Federico Sinigaglia, Roberto Carbone, Gabriele Costa, Silvio Ranise

A Risk-Driven Model to Minimize the Effects of Human Factors on Smart Devices

Human errors exploitation could entail unfavorable consequences to smart device users. Typically, smart devices provide multiple configurable features, e.g., user authentication settings, network selection, application installation, communication interfaces, etc., which users can configure according to their need and convenience. However, untrustworthy features configuration could mount severe risks towards the protection and integrity of data and assets residing on smart devices or to perform security-sensitive activities on smart devices. Conventional security mechanisms mainly focus on preventing and monitoring malware, but they do not perform the runtime vulnerabilities assessment while users use their smart devices. In this paper, we propose a risk-driven model that determines features reliability at runtime by monitoring users’ features usage patterns. The resource access permissions (e.g., ACCESS_INTERNET and ACCESS_NETWORK_STATE) given to an application requiring higher security are revoked in case users configure less reliable features (e.g., open WIFI or HOTSPOT) on their smart devices. Thus, our model dynamically fulfills the security criteria of the security-sensitive applications and revokes resources access permission given to them, until features reliability is set to a secure level. Consequently, smart devices are secured against any runtime vulnerabilities that may surface due to human factors.
Sandeep Gupta, Attaullah Buriro, Bruno Crispo

A Formal Security Analysis of the Authentication Protocol for Decentralized Key Distribution and End-to-End Encrypted Email

To send encrypted emails, users typically need to create and exchange keys which later should be manually authenticated, for instance, by comparing long strings of characters. These tasks are cumbersome for the average user. To make more accessible the use of encrypted email, a secure email application named \(p\equiv p\) automates the key management operations; \(p\equiv p\) still requires the users to carry out the verification, however, the authentication process is simple: users have to compare familiar words instead of strings of random characters, then the application shows the users what level of trust they have achieved via colored visual indicators. Yet, users may not execute the authentication ceremony as intended, \(p\equiv p\) ’s trust rating may be wrongly assigned, or both. To learn whether \(p\equiv p\) ’s trust ratings (and the corresponding visual indicators) are assigned consistently, we present a formal security analysis of \(p\equiv p\) ’s authentication ceremony. From the software implementation in C, we derive the specifications of an abstract protocol for public key distribution, encryption and trust establishment; then, we model the protocol in a variant of the applied pi calculus and later formally verify and validate specific privacy and authentication properties. We also discuss alternative research directions that could enrich the analysis.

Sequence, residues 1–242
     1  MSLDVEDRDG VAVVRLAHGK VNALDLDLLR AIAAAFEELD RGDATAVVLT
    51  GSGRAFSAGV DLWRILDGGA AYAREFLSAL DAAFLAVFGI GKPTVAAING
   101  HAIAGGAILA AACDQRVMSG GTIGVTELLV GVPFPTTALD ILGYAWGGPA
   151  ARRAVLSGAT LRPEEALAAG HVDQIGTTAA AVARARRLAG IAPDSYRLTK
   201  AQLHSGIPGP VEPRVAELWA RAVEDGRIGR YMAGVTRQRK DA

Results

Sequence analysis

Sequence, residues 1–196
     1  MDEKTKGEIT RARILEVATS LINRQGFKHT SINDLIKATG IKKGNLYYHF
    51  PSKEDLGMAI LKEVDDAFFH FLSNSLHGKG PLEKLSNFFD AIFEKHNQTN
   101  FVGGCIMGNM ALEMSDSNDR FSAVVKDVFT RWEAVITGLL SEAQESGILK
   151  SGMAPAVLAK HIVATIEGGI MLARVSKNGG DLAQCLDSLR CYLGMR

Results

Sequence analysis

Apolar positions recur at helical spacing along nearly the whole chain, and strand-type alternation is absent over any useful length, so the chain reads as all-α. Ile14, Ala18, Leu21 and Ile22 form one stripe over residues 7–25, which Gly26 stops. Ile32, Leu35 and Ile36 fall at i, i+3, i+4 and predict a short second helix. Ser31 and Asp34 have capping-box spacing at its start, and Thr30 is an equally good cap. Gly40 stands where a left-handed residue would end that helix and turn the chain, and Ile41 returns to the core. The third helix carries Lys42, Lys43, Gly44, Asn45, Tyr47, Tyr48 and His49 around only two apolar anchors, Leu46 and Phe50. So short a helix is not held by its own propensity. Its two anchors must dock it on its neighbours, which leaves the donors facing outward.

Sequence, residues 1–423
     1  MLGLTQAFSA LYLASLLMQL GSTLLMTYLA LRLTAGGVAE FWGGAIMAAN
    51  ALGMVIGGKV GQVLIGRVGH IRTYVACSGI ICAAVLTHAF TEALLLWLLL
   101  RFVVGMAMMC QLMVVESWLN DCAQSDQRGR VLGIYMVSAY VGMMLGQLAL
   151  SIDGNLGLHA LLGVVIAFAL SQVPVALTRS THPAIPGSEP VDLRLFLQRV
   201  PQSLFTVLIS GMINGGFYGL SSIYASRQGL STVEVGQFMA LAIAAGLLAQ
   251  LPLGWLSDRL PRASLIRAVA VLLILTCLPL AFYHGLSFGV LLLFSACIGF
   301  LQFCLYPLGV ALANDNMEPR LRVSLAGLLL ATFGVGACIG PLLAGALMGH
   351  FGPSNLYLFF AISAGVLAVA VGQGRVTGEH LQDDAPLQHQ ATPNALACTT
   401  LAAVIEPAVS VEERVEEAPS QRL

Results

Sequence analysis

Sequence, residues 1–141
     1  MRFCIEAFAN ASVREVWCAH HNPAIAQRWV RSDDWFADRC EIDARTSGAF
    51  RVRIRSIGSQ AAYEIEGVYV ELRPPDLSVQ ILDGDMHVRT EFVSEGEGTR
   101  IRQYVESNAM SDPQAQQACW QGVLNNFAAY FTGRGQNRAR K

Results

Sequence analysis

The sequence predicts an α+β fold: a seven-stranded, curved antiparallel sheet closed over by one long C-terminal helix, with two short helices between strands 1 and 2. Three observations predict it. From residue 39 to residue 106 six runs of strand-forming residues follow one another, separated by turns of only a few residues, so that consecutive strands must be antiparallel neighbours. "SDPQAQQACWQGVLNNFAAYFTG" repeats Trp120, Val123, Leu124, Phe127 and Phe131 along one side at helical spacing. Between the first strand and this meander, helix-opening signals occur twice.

Itzel Vazquez Sandoval, Gabriele Lenzini